Where Jacobs Center For Neighborhood Innovation, 404 Euclid Ave. San Diego, CA, 92114
By appointment only. Please contact Gill Sotu at firstname.lastname@example.org. Please prepare a one to two minute contemporary monologue.
Roles to be filled:
Ronnie Thomas, mid 20’s, lead singer of Soul Bizarre, the house band at the Vanguard Lounge – (Open Ethnicity; must be able to sing.)
Reverend Charles Logan, 40’s, ex-biker turned televangelist, head of the Ciity Council – (Caucasian)
Sugar Davis (early/mid 30s) Quincy’s wife, runs the bar and the books at the Vanguard – (Open Ethnicity; must be able to sing)
Rehearsals December 5 to 16, 2016 and January 2, 2017 through February 2, 2017; Monday through Thursday from 6:30 PM to 9:00 PM, and Sunday afternoons TBA.
Friday, February 3, 2017 at 7:00 PM Saturday, February 4, 2017 at 1:00 PM and 7:00 PM – Joan Kroc Theatre, La Mesa.
Inspired and grateful are two words to describe the students of the inaugural class of the Jacobs Center’s Creative Industries Program. Many have overcome challenges to be in the program and are taking advantage of this second chance to reclaim their future. The Creative Industries Program has launched the Jacobs Center’s Inspire Youth Careers industry partnership aimed at training youth disconnected from jobs and school and employing them in our region’s priority job sectors. San Diego is home to approximately 43,000 “opportunity youth” who are unemployed or underemployed. Forty percent of these youth reside in historically underserved communities including Southeastern San Diego.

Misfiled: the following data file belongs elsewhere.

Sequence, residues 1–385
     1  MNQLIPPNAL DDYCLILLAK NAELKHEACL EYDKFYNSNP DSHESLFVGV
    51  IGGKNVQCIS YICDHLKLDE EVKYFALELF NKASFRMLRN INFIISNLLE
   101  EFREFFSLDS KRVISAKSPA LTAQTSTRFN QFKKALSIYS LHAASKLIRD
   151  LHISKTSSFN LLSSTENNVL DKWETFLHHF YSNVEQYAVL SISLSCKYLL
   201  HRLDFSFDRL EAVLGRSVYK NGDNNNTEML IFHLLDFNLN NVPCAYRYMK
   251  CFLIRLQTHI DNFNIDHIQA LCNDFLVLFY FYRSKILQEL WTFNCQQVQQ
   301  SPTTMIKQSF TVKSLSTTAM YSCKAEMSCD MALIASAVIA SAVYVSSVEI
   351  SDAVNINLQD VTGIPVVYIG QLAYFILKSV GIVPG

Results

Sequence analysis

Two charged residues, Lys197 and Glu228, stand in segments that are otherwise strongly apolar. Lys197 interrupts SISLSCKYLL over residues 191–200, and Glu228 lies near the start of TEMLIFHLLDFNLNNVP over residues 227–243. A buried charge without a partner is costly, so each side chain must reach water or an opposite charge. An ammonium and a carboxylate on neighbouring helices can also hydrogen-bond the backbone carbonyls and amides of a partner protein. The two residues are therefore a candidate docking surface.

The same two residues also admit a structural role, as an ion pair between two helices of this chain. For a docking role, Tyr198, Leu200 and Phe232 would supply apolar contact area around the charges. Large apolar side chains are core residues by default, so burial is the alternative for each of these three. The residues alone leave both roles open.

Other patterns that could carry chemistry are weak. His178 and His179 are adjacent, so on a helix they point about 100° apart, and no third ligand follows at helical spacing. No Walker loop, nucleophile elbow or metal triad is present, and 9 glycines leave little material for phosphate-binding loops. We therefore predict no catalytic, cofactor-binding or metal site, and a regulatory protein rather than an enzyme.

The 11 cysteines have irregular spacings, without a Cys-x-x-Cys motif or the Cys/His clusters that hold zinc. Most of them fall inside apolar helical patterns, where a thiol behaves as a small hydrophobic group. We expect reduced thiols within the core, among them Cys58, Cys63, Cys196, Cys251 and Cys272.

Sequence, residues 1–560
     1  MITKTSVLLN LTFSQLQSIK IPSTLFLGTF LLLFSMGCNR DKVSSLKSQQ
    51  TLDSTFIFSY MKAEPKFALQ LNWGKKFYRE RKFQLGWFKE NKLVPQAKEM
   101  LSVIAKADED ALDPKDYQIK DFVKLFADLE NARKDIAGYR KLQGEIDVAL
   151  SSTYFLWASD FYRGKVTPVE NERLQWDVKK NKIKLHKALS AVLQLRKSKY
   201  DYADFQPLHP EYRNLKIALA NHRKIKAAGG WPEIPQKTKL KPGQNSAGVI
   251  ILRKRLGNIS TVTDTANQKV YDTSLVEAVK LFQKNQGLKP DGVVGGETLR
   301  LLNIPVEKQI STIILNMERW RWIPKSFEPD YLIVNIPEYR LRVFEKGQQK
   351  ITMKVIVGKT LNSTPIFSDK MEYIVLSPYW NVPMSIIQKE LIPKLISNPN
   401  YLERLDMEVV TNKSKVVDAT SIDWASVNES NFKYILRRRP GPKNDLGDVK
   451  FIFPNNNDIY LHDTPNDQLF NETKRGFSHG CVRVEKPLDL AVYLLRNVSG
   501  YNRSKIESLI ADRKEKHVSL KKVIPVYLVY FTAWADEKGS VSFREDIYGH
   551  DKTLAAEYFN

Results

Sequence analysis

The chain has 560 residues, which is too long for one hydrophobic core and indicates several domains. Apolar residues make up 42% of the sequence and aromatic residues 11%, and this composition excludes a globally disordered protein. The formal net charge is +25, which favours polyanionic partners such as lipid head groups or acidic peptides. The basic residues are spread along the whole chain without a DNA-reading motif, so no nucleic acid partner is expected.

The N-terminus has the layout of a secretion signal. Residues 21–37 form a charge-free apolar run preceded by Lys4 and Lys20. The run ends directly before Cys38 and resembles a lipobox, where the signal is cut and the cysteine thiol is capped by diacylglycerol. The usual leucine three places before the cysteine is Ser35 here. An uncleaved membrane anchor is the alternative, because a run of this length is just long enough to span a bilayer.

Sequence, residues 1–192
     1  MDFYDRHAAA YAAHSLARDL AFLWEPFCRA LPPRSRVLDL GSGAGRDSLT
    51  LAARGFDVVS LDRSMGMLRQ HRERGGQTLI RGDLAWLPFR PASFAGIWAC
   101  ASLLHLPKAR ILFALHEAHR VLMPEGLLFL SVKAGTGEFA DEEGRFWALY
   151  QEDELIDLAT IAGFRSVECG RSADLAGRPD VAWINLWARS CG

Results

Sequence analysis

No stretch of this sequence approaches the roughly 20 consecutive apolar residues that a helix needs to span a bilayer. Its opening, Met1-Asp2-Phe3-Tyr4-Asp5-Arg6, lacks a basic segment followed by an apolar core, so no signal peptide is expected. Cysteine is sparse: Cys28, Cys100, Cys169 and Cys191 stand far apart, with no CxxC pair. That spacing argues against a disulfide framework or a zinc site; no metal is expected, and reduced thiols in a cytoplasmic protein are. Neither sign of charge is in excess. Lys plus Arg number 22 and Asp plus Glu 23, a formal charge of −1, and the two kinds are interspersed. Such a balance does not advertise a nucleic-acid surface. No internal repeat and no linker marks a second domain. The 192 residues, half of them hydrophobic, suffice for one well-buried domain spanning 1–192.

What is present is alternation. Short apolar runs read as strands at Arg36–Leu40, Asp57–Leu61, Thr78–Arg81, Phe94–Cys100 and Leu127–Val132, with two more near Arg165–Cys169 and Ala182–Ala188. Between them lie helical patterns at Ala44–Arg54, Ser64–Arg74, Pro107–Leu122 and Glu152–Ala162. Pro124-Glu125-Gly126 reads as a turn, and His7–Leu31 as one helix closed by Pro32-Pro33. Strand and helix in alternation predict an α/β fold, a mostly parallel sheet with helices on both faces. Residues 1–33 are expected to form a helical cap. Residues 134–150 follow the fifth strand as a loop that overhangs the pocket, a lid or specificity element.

The Creative Industries Program takes individuals with an interest in the arts and provides them with the training and skill set they need make their passion their profession. Young adults (ages 18–24) receive soft skills development, paid technical training in graphic design and web development, and paid on-the-job experience with various partner design firms. The program builds on past youth-focused arts education offered by the Jacobs Center’s graffiti art program Writerz Blok, which merges urban art with graphic design to establish pathways to creative careers. It is funded in part with Community Development Block Grant Program funds provided by the U.S. Department of Housing and Urban Development to the City of San Diego.
The first class of the Creative Industries Program recently completed Phase 1, the unpaid soft skills training or “boot camp” as it’s referred to by students and teachers. This initial two-week introduction to the program determines which students are eligible to move on to the paid design training and job placement phases. During this portion of the program, students receive training in the skills needed to help them land a job and move up in it. These soft skills include effective communication, goal setting, decision-making, conflict resolution, problem solving, and living on your own. Students also created elevator pitches and résumés in workshops taught by program partner San Diego Workforce Partnership and its CONNECT2Careers program.
Devon Gonzalez and Jessie Zelayandia are two students who successfully completed the soft skills boot camp and are on their way to the paid design training.
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Devon Gonzalez, 24
“This program is making things clearer for me. I’m so stoked to be here.”